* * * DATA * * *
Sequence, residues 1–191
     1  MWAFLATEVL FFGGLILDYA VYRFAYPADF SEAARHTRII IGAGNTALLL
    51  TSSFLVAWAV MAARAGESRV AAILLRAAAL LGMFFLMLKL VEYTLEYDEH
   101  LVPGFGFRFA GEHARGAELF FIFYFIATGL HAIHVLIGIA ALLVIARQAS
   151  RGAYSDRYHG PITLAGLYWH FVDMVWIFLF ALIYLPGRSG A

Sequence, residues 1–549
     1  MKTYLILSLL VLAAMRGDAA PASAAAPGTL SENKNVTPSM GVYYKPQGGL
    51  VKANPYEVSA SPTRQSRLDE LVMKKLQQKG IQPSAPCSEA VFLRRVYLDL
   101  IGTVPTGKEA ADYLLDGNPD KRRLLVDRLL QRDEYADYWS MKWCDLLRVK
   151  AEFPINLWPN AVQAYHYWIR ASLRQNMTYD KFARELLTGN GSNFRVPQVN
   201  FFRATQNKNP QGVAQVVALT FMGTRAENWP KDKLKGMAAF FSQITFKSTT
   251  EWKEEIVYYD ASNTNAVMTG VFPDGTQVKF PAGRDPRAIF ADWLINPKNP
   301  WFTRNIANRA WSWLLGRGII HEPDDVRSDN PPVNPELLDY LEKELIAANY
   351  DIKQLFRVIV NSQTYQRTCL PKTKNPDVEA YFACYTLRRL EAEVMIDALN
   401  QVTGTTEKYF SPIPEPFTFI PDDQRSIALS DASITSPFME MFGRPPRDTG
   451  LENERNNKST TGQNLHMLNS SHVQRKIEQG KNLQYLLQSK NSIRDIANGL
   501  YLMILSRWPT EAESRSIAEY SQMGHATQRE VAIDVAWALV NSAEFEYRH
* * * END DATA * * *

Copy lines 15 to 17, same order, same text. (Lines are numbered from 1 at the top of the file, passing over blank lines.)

   401  QVTGTTEKYF SPIPEPFTFI PDDQRSIALS DASITSPFME MFGRPPRDTG
   451  LENERNNKST TGQNLHMLNS SHVQRKIEQG KNLQYLLQSK NSIRDIANGL
   501  YLMILSRWPT EAESRSIAEY SQMGHATQRE VAIDVAWALV NSAEFEYRH